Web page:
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Converting the # on cast iron pans to inches?  RSS feed

 
Karen Crane
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I have seen a lot of cast iron pans for sale and they never seem to tell you the inch size. They just say Griswold #8 ( or whatever) and do not say the inches. How can you tell?
I am looking for a 10 and 12 inch pan.There seems to be plenty smaller ones.
Any clue?
 
Len Ovens
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Location: Vancouver Island
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LFIRE wrote:
I have seen a lot of cast iron pans for sale and they never seem to tell you the inch size. They just say Griswold #8 ( or whatever) and do not say the inches. How can you tell?
I am looking for a 10 and 12 inch pan.There seems to be plenty smaller ones.
Any clue?


Seems to depend on where you measure the pan, at the rim or the cooking surface. My 12 inch.... let me go measure. Ok, 4 skillets:

Lodge SK10 = 10inch cooking area, 12inch rim
Lodge SK8 = 8inch cooking area (actually almost 8.5in), 10inch rim.
Canadian Super Store special (under $10, no factory seasoning) 12 = 12inch rim, 10inch cooking area.
CSS special unmarked but I think they called it 10 inch = 10inch rim, 8+inch cooking area. (came with what looked like factory seasoning and they started off charging like it at $22, but the label said clean coating off and the price went down to $10 real quick.. so I got one)

Anyway all that to say there doesn't seem to be much of a standard. The 8inch cooking area seems to be the handiest one to have (my Yf likes them best) plus it works best on our hobs which are only 6.5 - 7 inches around. (also we have noticed that the 10inch cooking area was melting the plastic case of our induction cookers) I also found that the food tends to stick more outside the well heated portion.

Anyone living in Canada, I would recommend the CSS specials. They seem to be just as good as the Lodges but 1/3 the price (do check for straight sides as some are cupped). Walmart has cheap ones too, but the 8inch cooking area one cracked in two the first time we got it a little hot. The two smaller ones seem to be ok though. Anything you can get used is probably better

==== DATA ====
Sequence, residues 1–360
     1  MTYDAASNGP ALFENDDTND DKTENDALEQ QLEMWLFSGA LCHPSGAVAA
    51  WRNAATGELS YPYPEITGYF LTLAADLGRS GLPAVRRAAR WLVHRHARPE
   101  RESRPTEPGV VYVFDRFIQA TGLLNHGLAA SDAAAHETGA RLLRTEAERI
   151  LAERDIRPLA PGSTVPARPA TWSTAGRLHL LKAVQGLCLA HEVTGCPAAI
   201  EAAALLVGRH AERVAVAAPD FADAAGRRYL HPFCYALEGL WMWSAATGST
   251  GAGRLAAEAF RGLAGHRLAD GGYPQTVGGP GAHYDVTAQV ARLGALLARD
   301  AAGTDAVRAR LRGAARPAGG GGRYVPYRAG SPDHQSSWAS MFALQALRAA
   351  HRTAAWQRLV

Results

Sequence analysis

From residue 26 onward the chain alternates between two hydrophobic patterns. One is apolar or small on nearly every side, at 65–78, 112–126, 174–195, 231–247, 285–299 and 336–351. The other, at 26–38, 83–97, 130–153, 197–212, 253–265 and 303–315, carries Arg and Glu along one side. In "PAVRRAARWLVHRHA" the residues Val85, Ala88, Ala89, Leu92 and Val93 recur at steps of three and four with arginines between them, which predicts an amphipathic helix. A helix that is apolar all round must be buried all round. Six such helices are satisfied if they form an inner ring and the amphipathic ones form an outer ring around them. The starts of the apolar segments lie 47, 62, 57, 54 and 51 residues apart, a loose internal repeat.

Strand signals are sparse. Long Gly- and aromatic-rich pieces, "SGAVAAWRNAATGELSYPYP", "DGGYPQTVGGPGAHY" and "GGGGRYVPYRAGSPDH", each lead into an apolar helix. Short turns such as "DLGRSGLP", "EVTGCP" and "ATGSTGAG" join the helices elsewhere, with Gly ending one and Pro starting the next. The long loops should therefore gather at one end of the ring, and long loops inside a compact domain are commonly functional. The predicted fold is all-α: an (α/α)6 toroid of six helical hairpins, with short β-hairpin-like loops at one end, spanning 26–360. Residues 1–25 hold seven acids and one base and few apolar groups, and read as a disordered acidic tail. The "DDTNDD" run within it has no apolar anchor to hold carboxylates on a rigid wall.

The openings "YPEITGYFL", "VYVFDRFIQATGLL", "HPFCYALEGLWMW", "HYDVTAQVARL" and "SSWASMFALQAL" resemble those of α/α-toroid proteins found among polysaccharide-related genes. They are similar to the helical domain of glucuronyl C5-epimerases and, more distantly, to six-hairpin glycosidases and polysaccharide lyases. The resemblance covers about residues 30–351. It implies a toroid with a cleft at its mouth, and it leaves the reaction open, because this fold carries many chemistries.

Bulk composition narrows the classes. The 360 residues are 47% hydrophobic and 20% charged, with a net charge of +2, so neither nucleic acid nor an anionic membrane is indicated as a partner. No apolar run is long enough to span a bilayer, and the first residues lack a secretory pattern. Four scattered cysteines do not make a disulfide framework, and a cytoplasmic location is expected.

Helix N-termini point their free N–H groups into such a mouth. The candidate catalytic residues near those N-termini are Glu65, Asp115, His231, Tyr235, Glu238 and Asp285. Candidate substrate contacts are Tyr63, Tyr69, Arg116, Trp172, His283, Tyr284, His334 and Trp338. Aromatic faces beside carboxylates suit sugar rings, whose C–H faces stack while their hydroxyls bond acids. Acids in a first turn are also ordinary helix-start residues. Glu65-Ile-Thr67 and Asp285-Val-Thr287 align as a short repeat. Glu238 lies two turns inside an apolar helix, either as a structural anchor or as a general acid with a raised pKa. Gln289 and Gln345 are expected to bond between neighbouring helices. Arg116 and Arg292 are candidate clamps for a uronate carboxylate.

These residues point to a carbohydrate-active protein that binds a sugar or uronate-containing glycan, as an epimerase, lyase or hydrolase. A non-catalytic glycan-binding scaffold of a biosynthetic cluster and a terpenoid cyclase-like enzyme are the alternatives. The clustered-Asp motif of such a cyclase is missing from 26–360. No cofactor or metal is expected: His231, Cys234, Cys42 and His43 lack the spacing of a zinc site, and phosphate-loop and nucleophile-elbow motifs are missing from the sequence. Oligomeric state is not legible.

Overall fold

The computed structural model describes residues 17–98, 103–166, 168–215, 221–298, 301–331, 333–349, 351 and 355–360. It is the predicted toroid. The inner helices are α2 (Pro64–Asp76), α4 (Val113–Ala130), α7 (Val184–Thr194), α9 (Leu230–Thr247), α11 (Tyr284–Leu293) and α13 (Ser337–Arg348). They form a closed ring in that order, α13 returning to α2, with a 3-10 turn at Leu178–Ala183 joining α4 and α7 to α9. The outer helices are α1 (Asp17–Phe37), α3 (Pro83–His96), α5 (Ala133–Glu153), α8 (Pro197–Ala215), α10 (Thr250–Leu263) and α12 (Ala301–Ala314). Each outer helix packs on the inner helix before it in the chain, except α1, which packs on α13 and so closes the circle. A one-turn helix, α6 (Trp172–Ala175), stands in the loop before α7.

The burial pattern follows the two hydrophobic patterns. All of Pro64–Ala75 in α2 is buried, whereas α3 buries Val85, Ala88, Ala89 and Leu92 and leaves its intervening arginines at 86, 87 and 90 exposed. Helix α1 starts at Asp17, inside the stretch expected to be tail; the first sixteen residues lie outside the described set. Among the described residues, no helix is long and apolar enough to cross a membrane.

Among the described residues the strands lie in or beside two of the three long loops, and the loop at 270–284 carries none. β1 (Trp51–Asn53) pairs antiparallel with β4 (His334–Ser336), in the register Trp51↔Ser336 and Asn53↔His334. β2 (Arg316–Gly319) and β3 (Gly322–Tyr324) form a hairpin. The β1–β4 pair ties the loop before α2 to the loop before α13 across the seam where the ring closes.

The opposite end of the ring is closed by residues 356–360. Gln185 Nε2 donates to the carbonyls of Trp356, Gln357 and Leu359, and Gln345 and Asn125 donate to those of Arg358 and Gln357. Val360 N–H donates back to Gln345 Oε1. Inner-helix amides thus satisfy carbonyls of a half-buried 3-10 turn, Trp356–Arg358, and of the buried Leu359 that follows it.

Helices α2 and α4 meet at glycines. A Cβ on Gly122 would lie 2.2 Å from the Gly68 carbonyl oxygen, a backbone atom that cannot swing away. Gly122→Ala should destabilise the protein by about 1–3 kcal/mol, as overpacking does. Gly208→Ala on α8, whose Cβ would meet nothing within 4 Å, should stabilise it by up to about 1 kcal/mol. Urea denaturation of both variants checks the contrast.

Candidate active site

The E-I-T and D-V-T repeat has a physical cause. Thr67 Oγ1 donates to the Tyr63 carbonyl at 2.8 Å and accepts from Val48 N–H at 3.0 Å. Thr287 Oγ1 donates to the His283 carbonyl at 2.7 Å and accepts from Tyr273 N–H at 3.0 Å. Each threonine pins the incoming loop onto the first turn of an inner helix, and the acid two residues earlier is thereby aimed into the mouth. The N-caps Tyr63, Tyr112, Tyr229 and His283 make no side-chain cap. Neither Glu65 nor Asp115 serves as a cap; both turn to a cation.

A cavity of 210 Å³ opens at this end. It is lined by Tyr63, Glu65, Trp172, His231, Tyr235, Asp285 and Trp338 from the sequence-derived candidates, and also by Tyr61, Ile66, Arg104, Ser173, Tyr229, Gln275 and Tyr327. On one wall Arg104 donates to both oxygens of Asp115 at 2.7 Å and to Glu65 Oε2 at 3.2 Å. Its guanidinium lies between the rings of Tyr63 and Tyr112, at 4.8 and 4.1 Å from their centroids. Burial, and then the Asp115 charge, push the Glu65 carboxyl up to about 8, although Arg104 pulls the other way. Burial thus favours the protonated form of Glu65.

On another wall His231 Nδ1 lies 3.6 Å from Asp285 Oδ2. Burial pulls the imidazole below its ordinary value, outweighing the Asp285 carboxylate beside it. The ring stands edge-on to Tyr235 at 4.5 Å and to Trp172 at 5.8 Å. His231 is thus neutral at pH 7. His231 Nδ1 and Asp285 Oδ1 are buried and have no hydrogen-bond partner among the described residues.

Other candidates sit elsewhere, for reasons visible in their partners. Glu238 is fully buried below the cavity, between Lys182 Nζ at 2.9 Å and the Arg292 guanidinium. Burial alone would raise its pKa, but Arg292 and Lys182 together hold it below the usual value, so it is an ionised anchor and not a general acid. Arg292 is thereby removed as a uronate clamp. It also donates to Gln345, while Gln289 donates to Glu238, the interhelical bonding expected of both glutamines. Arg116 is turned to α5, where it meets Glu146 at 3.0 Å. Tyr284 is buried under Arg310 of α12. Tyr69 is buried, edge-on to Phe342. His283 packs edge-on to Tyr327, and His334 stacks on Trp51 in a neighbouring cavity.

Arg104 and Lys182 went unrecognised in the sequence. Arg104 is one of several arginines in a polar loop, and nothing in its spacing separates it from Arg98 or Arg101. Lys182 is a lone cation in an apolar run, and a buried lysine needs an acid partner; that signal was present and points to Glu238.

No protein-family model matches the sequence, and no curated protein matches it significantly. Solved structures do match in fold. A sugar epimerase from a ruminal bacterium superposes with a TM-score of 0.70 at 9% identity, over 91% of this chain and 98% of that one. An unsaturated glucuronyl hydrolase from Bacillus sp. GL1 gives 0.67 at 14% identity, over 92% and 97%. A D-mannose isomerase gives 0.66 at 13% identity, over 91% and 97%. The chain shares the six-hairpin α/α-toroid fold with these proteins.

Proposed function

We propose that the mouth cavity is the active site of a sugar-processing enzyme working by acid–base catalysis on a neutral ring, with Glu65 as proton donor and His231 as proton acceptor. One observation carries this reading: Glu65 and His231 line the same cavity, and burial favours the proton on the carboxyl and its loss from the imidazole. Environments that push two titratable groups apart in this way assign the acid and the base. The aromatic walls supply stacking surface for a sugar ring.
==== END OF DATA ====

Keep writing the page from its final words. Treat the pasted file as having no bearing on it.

Note: in my opinion the factory seasoning is just one of those "value added" con jobs. It is never no stick, and the price they charge extra is way out of line. Just use it for a "season" cleaning with only scraping (I use a $1 putty knife as a scraper) and you will see and experience the difference. If you get a used one that is a little rusty, just wire brush the rust away (by hand works just fine with a BBQ brush $1.25) and be happy.
 
John Polk
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Location: Currently in Lake Stevens, WA. Home in Spokane
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My humble opinion is that the factory 'pre-seasons' them just so they don't get returned after they rust at the store.

My preference for seasoning them is lard.  My logic is that when cast iron was the most common pot/pan in use, lard was the most common cooking fat...vegetable oils were not yet readily available.  I still commonly use lard for cooking in cast iron.  Lard and cast iron just seems like a marriage made in heaven.
 
Len Ovens
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John Polk wrote:
My humble opinion is that the factory 'pre-seasons' them just so they don't get returned after they rust at the store.


The non-preseasoned ones I got were grey coloured but still had a coating on they told you to remove before cooking. These ones cost half as much as preseasoned, but still would not rust before use.
 
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